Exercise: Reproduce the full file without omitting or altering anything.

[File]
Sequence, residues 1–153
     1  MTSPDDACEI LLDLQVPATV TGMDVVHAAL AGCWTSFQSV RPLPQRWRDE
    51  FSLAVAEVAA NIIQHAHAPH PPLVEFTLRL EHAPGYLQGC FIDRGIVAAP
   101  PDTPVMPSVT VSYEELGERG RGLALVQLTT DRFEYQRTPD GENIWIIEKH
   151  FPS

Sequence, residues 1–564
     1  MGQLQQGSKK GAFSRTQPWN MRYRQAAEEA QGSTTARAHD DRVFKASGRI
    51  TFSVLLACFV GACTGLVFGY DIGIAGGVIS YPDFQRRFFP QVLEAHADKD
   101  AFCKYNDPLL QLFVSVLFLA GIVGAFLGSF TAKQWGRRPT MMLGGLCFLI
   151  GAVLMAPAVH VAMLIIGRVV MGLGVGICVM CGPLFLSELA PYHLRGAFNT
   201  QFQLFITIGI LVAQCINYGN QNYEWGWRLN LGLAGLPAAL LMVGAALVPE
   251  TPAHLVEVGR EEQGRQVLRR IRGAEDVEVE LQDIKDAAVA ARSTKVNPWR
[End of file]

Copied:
Sequence, residues 1–153
     1  MTSPDDACEI LLDLQVPATV TGMDVVHAAL AGCWTSFQSV RPLPQRWRDE
    51  FSLAVAEVAA NIIQHAHAPH PPLVEFTLRL EHAPGYLQGC FIDRGIVAAP
   101  PDTPVMPSVT VSYEELGERG RGLALVQLTT DRFEYQRTPD GENIWIIEKH
   151  FPS

Sequence, residues 1–564
     1  MGQLQQGSKK GAFSRTQPWN MRYRQAAEEA QGSTTARAHD DRVFKASGRI
    51  TFSVLLACFV GACTGLVFGY DIGIAGGVIS YPDFQRRFFP QVLEAHADKD
   101  AFCKYNDPLL QLFVSVLFLA GIVGAFLGSF TAKQWGRRPT MMLGGLCFLI
   151  GAVLMAPAVH VAMLIIGRVV MGLGVGICVM CGPLFLSELA PYHLRGAFNT
   201  QFQLFITIGI LVAQCINYGN QNYEWGWRLN LGLAGLPAAL LMVGAALVPE
   251  TPAHLVEVGR EEQGRQVLRR IRGAEDVEVE LQDIKDAAVA ARSTKVNPWR